I did not consider that, thanks for pointing it out. Here's the order of the test. The AC hadn't been running until I started the testing:
In one session I did:
Fan On @ 400 CFM/ton
80% of 400 CFM/ton
This took ~20 minutes total. The time to note the data and swap the filters was just a couple minutes. Then I shut everything off, reset the switches, turned it back on, waited the 5 minute tstat delay, and got back to it.
80% of 350 CFM/ton
15 minutes for this step.
I did the Fan On @ 350 CFM/ton at a later date.
So that effect perhaps resulted in greater static pressure as I went through the steps, but it does appear that the effects of CFM and filter type dominate. That effect would also support the ESP-mitigation steps I outlined.
What you are observing is effectively a 'system curve'. In any fan/pump system, there will be a fan curve, and a system curve, and where those two curves intersect will be the current operating point. The system curve is, in effect, a function of the flow resistance (pressure vs. flow). The fan curve is, essentially, the performance of the fan (also pressure vs. flow). The variable speed fan basically shrinks the fan curve along the flow axis, as speed decreases, causing the fixed system curve to intersect the variable fan curve at a different point.
Now, fan efficiency is a different thing altogether, there is a point on the fan curve, where it will be most efficient - and it is best to try to get the system curve to match as close to that point as possible - but in practice, the lower the overall resistance you can have, the better off you'll be, efficiency wise - meaning larger & shorter ducts, larger filters, larger coils, etc.
I think something worth noting, is that your chart does a great job of showing what can be a possible impact of oversizing. If you have a 3 ton systme it might use 380Watts, while a 2 ton uses <1/2 the power at 160 Watts. So even if it runs 50% longer, it consumes dramatically less energy on the same ductwork. Meaning a properly sized system compared ot a oversized system, could operate at effectively 1-2 SEER higher without even factoring in longer run times and lower humidity levels allowing higher setpoints.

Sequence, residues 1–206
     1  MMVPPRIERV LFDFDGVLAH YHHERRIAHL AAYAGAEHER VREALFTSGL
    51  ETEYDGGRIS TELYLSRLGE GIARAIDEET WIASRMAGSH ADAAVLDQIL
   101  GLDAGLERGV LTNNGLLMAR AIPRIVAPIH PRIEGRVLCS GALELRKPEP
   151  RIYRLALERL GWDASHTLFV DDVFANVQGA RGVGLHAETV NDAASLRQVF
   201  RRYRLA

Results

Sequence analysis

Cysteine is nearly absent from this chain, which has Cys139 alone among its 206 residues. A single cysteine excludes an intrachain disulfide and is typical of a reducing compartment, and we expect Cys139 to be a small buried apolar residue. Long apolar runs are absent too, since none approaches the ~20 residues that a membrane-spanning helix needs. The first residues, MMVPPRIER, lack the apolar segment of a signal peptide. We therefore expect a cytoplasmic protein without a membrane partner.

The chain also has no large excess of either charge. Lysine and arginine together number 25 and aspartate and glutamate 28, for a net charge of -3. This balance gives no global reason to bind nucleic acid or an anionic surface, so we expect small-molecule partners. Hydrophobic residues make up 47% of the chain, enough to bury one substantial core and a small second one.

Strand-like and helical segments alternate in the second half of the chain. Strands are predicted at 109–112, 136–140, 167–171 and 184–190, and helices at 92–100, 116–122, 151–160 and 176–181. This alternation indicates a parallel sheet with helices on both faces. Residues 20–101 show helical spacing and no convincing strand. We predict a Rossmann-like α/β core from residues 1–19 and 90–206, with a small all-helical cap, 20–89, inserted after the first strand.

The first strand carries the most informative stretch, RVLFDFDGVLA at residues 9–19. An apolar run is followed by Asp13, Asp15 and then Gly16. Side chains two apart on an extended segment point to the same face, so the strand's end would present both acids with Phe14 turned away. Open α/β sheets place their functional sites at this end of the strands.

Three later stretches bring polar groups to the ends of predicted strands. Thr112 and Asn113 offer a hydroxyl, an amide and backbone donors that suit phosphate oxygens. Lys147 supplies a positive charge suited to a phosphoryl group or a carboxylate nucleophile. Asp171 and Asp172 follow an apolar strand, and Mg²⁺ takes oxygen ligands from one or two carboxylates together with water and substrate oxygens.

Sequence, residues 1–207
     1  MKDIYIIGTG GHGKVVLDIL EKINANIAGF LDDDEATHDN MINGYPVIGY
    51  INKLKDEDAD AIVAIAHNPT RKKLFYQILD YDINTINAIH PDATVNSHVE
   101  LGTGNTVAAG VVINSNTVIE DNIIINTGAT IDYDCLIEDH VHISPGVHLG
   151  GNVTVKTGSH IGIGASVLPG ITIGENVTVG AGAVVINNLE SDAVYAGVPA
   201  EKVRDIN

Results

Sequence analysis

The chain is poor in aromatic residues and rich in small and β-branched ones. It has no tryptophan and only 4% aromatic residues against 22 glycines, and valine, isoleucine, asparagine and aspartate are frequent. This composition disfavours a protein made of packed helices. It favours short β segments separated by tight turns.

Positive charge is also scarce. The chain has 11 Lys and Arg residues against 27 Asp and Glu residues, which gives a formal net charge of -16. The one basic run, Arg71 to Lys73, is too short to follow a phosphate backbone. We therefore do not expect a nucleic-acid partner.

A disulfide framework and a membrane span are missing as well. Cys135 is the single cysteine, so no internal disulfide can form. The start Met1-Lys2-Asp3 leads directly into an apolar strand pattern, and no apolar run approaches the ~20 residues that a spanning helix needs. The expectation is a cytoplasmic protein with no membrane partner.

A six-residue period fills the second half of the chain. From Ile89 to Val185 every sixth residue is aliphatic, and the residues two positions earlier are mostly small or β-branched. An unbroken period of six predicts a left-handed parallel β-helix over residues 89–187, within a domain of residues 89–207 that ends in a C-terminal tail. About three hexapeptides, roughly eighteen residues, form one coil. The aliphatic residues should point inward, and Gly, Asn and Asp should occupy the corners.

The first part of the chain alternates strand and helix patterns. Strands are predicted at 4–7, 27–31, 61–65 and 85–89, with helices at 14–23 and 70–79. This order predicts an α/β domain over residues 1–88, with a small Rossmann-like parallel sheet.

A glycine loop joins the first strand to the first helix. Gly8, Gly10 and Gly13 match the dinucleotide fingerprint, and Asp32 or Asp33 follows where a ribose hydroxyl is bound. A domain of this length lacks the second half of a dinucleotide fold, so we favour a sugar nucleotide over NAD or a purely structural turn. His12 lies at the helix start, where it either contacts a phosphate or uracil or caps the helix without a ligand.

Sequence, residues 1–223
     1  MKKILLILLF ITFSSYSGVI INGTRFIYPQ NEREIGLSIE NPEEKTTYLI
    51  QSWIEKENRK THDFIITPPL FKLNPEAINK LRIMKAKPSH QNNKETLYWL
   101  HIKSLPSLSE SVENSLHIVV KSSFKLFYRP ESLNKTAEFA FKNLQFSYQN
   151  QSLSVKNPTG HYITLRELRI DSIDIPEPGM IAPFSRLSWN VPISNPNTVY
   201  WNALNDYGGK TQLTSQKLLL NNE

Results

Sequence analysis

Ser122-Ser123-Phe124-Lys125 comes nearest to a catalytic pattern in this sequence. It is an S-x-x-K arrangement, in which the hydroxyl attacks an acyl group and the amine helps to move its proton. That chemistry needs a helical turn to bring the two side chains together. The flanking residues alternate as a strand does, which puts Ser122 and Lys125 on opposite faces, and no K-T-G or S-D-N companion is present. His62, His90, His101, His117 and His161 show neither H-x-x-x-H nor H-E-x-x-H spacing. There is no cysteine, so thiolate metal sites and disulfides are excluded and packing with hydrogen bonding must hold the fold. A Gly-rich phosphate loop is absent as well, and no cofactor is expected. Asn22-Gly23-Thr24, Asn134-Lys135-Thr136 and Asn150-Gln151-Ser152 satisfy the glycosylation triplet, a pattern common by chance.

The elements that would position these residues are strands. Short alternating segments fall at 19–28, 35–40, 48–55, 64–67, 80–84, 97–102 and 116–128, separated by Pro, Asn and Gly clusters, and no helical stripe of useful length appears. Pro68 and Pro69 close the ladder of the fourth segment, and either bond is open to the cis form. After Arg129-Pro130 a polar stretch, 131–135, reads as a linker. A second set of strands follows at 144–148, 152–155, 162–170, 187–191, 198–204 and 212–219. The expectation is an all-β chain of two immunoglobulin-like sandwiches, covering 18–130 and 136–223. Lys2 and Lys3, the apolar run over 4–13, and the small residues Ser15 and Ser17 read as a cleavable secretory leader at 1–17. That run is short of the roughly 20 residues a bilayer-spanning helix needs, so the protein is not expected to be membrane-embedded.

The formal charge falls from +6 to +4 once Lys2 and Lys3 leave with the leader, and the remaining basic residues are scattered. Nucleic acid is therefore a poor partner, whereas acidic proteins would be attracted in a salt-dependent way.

Maybe the OP could add another axis on that chart for "watts/CFM". I think since it's a reverse inclined fan, it shold be pretty flat at lower RPM's and increase at hgiher RPM's sicne the return size begins to act as a restricter.
Originally Posted by CraziFuzzy
Thanks for the feedback guys. Crazifuzzy you are correct of course about this essentially being a study of my home's system curve and the air handler's fan curve. I'm more familiar with those for water pumps and ship's cooling systems but a lot of it is analogous.
motoguy I'll add that data or generate a new plot for watts vs. CFM. Good point that a smaller unit would require much less energy for the fan in addition to all the other benefits.
I do wish, based on what I've learned from the folks on this site, my observations over the last year with this new system (it was installed a year ago after the original system bit the dust), and this test data that I could send an email back in time to convince myself to insist, against 6 different contractors' recommendations (no load calcs, natch), to downsize to a 60k furnance and at least a 3 ton AC vs the 80k/3.5 straight replacement we went with.
I have some thoughts about adding return capacity (supply would be very difficult and expensive to address) for both reducing ESP as well as addressing some comfort issues that I'll make another thread about after I have a chance to take some photos and measurements.